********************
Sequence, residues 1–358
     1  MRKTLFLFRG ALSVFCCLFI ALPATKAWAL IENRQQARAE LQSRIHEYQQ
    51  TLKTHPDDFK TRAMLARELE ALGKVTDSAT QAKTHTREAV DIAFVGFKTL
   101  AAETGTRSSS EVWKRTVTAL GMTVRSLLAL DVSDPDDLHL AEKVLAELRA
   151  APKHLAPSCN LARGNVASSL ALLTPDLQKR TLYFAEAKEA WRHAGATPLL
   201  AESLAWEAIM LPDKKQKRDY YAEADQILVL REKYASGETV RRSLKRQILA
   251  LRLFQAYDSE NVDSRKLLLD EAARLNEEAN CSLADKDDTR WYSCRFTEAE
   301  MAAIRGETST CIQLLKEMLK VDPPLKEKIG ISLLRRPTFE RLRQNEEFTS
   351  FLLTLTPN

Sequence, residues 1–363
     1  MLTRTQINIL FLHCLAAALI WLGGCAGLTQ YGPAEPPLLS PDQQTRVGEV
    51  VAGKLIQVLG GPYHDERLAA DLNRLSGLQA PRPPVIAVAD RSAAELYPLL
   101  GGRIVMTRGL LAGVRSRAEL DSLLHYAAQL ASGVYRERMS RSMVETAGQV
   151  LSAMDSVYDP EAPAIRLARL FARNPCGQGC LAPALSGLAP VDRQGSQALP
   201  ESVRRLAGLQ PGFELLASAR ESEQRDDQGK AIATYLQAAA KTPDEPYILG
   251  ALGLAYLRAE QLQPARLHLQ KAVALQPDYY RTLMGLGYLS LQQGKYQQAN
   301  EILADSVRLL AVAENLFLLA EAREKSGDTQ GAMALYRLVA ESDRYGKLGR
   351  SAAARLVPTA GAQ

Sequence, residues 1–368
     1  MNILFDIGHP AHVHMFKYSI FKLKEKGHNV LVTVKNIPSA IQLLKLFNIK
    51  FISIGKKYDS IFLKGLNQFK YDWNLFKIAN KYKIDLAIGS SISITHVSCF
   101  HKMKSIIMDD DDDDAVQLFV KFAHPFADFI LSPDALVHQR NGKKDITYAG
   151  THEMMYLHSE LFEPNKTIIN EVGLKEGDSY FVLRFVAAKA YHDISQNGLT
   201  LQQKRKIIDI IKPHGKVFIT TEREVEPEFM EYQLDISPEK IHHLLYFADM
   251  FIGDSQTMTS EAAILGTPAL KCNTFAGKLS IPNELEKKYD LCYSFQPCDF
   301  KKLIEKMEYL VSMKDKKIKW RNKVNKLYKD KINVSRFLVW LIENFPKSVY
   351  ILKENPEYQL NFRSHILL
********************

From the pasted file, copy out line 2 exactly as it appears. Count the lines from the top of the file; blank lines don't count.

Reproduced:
     1  MRKTLFLFRG ALSVFCCLFI ALPATKAWAL IENRQQARAE LQSRIHEYQQ